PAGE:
2018 Toyota Tundra TRD Offroad Package Review

Toyota has earned itself a reputation for off-road prowess, particularly with its trucks. The legendary Land Cruiser is the vehicle of choice with the United Nations and used often in war torn nations due to its reliability and durability. Some of this off-road technology makes its way into the lineup so that the general public can benefit from it and it usually takes the form of a TRD (Toyota Racing Development) trim level.

In 2015 Toyota offered a special TRD Pro trim for the Tundra to answer performance models from the competition such as the Ford F-150 Raptor and RAM 1500 Rebel. Modifications included bigger, heavy-duty Bilstein shock absorbers, increased ground clearance, increased ride height, unique badging, unique interior and other small differences.

For 2018 the TRD Pro trim has been dropped in favor of a new TRD Sport trim which is essentially a slightly less hardcore off-road package. The main features are again TRD sport-tuned Bilstein shocks, a sport-tuned suspension, TRD front and rear sway bars, 275/55/20 off-road tires and some badging.

If this less hardcore package is still too hardcore for you then there is always the standard TRD Offroad package which includes all-season tires, a gas tank protector plate, standard Bilstein shocks, and ground clearance sensors.

The test vehicle was a Magnetic Gray TRD Offroad Package with the CrewMax cab. Under the hood we find a 5.7-litre V8 motor making 381 horsepower and 401 pound-feet of torque with a towing capacity of up to 10,200 pounds. That’s more than the 9220 lb rating for the Nissan Titan but less than the 10,640 lb capacity of the Ram 1500, the 12,500 lb limit for the Chevy Silverado and the class-leading 13,500 lb hauling ability for the 2018 F-150.

The hulking V8 also drinks fuel like nothing I’ve ever seen before and I averaged a career worst 20.8 L/100km. Granted I do a lot of city driving but for a manufacturer that is also known for its fuel efficient vehicles, having a pickup consume this much fuel is a bit awkward. The motor otherwise performs well enough and it very responsive to deliver a fun driving experience. It is, however, a tad on the noisy side, especially on startup with a large whirring noise.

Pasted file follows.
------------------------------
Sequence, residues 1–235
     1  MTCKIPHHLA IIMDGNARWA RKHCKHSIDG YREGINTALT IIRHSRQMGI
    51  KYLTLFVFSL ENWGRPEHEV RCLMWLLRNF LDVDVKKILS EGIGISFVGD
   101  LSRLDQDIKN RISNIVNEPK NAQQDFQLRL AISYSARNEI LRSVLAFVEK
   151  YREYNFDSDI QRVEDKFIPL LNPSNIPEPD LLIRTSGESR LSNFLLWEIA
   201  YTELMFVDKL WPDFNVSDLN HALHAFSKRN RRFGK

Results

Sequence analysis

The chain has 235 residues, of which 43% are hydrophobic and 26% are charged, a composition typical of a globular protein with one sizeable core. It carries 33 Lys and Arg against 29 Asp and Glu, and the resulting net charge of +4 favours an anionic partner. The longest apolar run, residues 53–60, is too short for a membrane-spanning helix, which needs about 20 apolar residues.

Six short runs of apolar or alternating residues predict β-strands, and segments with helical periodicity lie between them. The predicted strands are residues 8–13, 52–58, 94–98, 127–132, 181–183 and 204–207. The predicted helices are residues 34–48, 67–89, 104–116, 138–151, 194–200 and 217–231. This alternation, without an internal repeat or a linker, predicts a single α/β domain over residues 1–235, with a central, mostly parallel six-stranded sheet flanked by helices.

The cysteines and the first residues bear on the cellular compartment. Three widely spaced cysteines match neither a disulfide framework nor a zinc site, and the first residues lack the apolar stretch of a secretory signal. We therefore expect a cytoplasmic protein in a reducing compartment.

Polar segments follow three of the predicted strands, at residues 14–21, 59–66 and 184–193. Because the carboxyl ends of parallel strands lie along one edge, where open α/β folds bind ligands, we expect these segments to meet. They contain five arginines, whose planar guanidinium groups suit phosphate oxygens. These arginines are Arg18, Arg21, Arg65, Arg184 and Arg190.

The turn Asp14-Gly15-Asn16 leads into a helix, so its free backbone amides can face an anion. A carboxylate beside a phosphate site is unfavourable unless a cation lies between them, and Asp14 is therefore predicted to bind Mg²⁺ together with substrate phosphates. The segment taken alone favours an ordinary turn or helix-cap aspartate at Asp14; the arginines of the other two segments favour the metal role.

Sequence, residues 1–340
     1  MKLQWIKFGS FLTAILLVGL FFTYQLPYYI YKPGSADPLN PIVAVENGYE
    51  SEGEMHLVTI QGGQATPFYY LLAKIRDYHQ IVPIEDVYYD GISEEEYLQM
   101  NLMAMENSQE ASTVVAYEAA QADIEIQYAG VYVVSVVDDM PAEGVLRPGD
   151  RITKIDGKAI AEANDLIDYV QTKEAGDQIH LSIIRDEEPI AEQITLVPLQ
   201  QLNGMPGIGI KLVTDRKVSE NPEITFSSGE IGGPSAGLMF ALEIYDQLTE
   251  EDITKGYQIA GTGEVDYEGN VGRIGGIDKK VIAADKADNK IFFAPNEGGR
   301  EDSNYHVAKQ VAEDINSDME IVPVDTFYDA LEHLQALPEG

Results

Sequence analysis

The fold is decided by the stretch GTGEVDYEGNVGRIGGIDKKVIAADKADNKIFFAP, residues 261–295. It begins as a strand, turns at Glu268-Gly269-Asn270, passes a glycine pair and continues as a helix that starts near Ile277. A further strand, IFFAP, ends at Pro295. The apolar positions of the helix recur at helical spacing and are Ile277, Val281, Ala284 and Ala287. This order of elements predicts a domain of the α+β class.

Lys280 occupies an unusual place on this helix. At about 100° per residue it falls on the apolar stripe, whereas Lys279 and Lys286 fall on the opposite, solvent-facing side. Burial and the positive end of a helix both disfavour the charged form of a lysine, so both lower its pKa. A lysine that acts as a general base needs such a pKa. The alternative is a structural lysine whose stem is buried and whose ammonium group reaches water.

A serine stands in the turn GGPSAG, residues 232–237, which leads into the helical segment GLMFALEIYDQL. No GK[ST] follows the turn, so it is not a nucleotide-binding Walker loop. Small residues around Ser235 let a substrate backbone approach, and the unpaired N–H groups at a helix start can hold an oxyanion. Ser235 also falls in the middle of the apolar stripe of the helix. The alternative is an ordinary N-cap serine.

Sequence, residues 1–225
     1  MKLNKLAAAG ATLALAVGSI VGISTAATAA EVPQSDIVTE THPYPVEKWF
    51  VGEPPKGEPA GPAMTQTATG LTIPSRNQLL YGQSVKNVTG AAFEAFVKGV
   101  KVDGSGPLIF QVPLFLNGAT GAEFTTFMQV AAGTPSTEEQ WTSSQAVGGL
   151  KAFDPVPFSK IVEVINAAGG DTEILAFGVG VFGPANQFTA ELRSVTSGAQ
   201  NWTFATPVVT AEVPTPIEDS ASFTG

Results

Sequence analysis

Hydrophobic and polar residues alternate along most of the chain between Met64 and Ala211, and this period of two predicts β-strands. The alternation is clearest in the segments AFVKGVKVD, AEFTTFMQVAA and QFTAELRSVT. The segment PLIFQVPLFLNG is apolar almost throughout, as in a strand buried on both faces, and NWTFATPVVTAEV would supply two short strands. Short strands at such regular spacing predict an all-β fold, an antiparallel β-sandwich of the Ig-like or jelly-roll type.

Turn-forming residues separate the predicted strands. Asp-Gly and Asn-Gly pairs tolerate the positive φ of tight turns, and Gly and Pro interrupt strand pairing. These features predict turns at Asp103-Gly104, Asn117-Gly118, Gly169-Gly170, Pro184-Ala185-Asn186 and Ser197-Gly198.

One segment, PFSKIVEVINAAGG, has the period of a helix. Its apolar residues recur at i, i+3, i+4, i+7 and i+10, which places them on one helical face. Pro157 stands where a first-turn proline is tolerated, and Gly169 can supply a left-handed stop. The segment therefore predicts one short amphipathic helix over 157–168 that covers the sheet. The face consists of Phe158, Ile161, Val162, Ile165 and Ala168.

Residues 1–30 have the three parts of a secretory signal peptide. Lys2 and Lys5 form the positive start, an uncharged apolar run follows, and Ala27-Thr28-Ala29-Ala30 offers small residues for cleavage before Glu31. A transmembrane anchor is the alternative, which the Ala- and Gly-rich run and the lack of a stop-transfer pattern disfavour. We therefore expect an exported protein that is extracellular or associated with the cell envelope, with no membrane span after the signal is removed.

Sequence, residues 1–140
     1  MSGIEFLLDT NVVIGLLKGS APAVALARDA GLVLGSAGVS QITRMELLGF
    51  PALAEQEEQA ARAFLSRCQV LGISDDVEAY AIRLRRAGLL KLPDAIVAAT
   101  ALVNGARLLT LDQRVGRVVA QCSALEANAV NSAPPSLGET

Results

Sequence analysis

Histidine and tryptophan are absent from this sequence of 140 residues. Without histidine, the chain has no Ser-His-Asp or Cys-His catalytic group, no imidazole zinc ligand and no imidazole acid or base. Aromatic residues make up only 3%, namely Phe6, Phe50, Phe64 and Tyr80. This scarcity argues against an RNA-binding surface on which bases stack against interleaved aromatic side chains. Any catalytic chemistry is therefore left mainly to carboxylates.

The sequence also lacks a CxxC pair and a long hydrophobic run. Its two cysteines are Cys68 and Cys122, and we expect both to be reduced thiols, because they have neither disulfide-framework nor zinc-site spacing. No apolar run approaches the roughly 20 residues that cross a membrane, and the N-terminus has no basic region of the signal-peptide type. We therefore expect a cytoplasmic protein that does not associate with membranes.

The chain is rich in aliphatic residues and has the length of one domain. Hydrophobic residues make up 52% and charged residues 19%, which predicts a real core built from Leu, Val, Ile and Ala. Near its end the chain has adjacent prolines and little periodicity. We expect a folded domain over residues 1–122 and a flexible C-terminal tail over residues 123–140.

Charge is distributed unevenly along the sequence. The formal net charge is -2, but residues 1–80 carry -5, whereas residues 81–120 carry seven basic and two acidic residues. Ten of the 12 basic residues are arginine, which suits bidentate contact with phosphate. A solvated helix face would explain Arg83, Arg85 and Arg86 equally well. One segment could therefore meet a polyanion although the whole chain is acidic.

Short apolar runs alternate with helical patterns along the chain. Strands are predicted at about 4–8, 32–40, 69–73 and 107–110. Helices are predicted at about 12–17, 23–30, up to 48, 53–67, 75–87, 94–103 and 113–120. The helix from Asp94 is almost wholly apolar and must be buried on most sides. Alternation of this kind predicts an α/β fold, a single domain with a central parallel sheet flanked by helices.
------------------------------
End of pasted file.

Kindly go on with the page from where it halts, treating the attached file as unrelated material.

Many reviews fault the Tundra’s interior for a cheap feel but I’m not of the same opinion. Yes there are some plastics surrounding the dash but I find the overall fit and finish to be quite good and nothing too far removed from the Titan or the F-150. The climate controls in particular are very firm and easy to operate even with large gloves on – something that isn’t possible on the F-150 with its tiny buttons.

Toyota’s infotainment system will do the job just fine and doesn’t have any major annoyances but it’s not the most intuitive on the market and has small buttons. A 6.1-inch touchscreen is standard equipment and a 7.0-inch screen comes on the SR5 trims and higher. The TRD Sport model came with navigation and an array of extra speakers compared to the base model but unfortunately no Apple CaPlay or Android auto. The Tundra’s Bluetooth connectivity was among the best I’ve had the pleasure of experiencing. Some manufacturers have a devil of a time interfacing with phone but Toyota isn’t one of them.

The exterior of the Tundra is still quite good-looking and has aged well but if the vehicle is going to keep pace with its arch-rivals it will need a refresh very soon. This is the fifth year of the current look which is, itself, only a slight improvement over the 2007 model year redesign. A new grille and revised exterior lighting are new this year with LED headlights coming standard on the upper trims. The TRD Sport has a honeycomb grille, more body-colored parts, 20-inch wheels and TRD Sport stickers.

Reflecting ongoing trends in the segment, the Regular Cab models have been discontinued this year, leaving an all-four-door lineup with the Double Cab and CrewMax models.

The cheapest 4X4 Tundra you could get would be the double cab with the only the other engine choice: a smaller 4.6-litre V8 for $41,874. The least expensive CrewMax model will run you $47,490 which is a bit more expensive than, say, an F-150 SuperCrew XLT which starts at $44,649. I’d like to see Toyota a bit more competitive in this area, particularly since the design is aging, the vehicle is less fuel efficient and has a smaller towing capacity. It’s hanging on for this year but hopefully 2019 will be new and updated Tundra which really takes aim at the American domination in this segment.

 

Correction: an earlier version of this article incorrectly stated that the vehicle was the TRD Sport trim. It’s a TRD Offroad Package.

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